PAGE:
From: D. C. Sessions (email@example.com)
Date: Tue Dec 21 1999 - 12:44:21 PST
Eric Goodill wrote:
> "D. C. Sessions" wrote:
> > Keep in mind that common-mode potential almost^H^H^H^H^H^H always
> > affects input delay, so those reflections WILL show up as receiver
> > jitter. If your application is completely insensitive to jitter,
> > well and good. Offhand I can't think of any like that.
> Could you please elaborate slightly about how common-mode affects
> differential timing on the inputs?
It's an operating-point thing. The transconductance of the input
devices isn't constant across the common-mode range. In addition,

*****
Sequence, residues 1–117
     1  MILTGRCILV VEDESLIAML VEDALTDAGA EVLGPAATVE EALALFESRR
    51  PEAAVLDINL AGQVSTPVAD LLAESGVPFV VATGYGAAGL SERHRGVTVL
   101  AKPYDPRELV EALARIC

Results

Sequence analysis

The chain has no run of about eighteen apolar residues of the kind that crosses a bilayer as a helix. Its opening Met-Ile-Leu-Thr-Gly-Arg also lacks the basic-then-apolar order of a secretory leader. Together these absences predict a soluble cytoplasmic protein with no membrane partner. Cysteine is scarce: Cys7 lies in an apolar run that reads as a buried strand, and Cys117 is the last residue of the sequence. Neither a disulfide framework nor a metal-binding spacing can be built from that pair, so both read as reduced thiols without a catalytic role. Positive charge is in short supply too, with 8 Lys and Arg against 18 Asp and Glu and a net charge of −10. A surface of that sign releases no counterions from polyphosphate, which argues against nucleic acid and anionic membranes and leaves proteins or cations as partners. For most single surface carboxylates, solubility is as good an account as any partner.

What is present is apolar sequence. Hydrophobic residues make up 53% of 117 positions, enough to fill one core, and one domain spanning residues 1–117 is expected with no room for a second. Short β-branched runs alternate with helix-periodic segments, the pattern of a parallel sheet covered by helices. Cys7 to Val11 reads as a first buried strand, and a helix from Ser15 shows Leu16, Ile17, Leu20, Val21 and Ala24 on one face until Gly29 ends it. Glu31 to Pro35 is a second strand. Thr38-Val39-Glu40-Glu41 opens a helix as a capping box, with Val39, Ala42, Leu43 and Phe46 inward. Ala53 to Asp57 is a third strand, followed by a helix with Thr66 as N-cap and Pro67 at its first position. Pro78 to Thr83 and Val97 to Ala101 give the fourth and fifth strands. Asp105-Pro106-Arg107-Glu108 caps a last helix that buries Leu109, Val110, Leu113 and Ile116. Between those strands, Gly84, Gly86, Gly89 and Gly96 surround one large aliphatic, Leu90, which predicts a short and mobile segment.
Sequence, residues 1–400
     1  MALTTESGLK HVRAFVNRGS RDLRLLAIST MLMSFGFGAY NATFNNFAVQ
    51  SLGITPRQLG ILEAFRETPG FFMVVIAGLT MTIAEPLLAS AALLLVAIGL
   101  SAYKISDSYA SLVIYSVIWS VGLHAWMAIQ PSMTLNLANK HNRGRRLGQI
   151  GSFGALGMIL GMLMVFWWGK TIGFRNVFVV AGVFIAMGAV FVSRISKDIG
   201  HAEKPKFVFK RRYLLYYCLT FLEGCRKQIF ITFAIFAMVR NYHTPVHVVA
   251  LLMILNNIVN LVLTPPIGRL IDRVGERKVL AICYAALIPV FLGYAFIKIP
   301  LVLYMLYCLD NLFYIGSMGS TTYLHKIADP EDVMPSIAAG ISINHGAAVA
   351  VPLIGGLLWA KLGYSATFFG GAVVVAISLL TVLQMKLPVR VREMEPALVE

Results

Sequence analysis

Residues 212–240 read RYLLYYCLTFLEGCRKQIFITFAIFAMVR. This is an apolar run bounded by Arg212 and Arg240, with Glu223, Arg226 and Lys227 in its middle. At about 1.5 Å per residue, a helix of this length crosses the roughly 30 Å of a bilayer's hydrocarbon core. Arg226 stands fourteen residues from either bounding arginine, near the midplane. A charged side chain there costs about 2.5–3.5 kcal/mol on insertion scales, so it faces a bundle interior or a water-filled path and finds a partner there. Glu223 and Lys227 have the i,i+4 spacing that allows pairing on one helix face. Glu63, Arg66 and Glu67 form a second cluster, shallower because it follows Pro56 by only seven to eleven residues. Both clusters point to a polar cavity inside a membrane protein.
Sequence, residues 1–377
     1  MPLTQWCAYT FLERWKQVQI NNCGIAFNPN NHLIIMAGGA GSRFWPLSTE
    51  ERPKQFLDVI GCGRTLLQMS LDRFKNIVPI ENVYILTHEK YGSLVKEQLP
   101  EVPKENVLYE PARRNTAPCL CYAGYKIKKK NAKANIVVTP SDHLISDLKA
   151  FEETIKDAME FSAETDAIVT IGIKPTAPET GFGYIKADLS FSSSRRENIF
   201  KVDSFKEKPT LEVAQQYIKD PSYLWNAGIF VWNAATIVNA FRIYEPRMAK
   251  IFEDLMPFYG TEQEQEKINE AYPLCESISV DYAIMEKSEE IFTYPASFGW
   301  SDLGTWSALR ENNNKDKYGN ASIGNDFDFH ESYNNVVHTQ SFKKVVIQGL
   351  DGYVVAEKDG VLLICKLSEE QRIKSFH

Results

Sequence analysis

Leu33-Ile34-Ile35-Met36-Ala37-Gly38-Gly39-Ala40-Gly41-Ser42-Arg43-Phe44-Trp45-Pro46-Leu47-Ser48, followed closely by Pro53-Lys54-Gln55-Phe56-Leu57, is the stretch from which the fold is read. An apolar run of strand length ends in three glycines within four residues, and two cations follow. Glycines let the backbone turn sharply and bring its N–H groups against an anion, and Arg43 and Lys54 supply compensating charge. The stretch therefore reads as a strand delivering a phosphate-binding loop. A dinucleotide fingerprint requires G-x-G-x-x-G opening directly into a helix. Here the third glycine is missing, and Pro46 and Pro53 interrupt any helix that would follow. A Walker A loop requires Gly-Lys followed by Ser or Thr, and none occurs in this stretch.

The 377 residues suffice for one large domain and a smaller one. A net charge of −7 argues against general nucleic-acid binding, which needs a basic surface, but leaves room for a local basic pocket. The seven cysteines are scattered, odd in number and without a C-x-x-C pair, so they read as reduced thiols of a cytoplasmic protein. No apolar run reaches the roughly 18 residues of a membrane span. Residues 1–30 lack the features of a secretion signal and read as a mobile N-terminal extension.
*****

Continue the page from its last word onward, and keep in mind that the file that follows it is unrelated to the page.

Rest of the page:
thanks to LVDS' absurdly wide common-mode range, the PMOS input
stage goes into cutoff at the high end (2.4v against a 3.0v supply
just doesn't work) so there has to be an NMOS stage and some kind
of crossover mechanism to use the NMOS devices at high input voltage
and the PMOS one at low voltage. Not only do both the NMOS and
the PMOS vary in performance according to input common-mode point,
but they can't be matched perfectly and so the crossover introduces
even more variation.
Since the input delay varies with common-mode operating point, any
common-mode components will show up as receiver jitter.
-- D. C. Sessions firstname.lastname@example.org
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